Business and cloud analytics firm Teradata has filed a lawsuit in the United States against German software company SAP for allegedly stealing trade secrets, copyright infringement and committing anti-trust violations, The Times of India reported. The company has also named former Infosys chief Vishal Sikka, who served as SAP’s chief technology officer from 2007 to 2014, in the lawsuit.
Sikka, however, has refuted the allegations as “baseless and outrageous”, PTI reported. “Although this lawsuit is not directed at me, I categorically deny the baseless and outrageous allegations made by TeraData that attempt to diminish the hard work, passion, and the irrefutable and fully legitimate achievements by the Hana team, including myself,” he said in a statement.
The German software company is accused of stealing Teradata’s trade secrets while building its HANA database management system and coercing customers to use its product, thereby causing Teradata to lose revenue, profit and market share. Sikka is accused of being aware of SAP’s practice and supporting “SAP’s misappropriation of Teradata’s trade secrets during the development of HANA”.
Teradata alleged that SAP faced the same challenges while building HANA that the two companies encountered while working on a joint venture between 2009 and 2011. “To overcome this challenge during HANA development, the developers, at the direction of Sikka, utilised the same solution developed by Teradata’s engineers and developers during the Bridge Project – using Teradata’s trade-secret techniques for optimising the execution of analytical queries and the speed of data storage and retrieval in large-scale databases,” the company alleged.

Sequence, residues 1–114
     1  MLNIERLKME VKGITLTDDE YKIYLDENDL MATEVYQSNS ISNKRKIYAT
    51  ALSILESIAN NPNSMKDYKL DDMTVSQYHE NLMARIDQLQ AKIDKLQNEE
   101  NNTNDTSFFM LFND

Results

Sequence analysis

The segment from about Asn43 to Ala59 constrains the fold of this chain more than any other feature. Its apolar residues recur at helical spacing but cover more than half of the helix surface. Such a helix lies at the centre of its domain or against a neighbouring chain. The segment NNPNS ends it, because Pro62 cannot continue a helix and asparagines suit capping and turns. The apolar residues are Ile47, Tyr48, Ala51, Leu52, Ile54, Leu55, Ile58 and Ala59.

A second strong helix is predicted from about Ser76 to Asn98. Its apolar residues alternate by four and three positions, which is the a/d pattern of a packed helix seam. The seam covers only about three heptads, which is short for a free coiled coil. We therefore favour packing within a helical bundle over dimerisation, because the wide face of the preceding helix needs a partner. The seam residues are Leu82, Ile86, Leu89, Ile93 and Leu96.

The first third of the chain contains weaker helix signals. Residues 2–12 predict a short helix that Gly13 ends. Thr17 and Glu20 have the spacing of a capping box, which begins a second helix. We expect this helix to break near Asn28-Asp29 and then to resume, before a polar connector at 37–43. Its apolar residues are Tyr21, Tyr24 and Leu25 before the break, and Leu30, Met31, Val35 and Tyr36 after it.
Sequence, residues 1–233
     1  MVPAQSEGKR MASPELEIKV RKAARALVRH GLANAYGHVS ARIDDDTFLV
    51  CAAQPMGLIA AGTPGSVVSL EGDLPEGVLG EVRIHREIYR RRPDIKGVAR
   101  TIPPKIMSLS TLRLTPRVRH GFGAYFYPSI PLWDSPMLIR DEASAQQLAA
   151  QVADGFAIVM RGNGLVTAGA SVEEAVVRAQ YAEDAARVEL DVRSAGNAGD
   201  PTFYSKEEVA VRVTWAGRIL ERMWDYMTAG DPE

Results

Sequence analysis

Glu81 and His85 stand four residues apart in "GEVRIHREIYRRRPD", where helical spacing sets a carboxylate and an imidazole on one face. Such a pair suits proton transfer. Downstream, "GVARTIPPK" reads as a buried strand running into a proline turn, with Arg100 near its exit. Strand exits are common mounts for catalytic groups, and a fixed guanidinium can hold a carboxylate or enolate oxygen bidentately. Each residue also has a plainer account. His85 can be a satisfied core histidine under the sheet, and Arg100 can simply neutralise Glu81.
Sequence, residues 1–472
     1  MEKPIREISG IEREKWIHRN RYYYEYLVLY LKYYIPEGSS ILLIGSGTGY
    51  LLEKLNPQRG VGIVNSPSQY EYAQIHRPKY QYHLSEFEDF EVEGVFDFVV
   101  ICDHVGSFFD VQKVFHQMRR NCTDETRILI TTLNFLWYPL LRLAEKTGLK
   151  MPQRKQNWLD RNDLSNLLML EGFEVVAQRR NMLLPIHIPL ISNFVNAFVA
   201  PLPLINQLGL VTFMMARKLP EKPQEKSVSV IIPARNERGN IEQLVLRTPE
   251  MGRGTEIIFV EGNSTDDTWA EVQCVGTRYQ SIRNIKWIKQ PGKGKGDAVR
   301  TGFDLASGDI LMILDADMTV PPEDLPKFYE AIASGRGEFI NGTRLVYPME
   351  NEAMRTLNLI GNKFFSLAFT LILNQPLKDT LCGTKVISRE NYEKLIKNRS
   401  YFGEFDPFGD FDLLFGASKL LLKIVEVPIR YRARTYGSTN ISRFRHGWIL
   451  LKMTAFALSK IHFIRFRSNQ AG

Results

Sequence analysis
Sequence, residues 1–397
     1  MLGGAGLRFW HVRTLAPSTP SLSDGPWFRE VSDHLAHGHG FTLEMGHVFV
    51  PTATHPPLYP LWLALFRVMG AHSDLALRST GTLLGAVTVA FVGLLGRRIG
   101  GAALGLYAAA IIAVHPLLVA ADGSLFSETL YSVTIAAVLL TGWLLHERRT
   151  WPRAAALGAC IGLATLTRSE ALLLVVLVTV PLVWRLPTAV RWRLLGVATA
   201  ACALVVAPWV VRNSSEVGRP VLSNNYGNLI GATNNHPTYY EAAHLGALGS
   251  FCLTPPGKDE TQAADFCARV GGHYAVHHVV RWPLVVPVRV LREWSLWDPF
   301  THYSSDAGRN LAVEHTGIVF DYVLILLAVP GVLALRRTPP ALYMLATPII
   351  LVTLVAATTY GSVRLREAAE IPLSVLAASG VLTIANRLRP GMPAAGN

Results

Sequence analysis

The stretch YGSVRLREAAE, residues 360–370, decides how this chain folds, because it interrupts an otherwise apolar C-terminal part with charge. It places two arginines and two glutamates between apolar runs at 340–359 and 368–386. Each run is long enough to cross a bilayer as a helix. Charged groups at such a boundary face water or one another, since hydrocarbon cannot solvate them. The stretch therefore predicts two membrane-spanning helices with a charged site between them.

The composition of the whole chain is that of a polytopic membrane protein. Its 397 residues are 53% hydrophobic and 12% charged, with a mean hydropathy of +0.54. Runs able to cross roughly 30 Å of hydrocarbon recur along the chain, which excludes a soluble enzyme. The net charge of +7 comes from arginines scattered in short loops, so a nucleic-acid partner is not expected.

The lawsuit, which was filed in US District Court of Northern District of California, pointed out that Sikka had restructured SAP’s engineering teams to develop and deploy SAP HANA in less than a year, which, they claimed, was “an extremely short time frame for a project of such magnitude”.
“SAP was surprised to learn of the complaint filed by Teradata,” an unidentified company spokesperson told The Hindu Business Line. “Although SAP generally does not comment on pending litigation, it may issue a statement, if appropriate, after it has had an opportunity to review the complaint.”
Sikka ran into a similar controversy in 2017 when SAP said that Infosys’ artificial intelligence platform MANA sounded similar to HANA, and alleged that it was a trademark violation. The matter was resolved when Infosys renamed the platform Nia.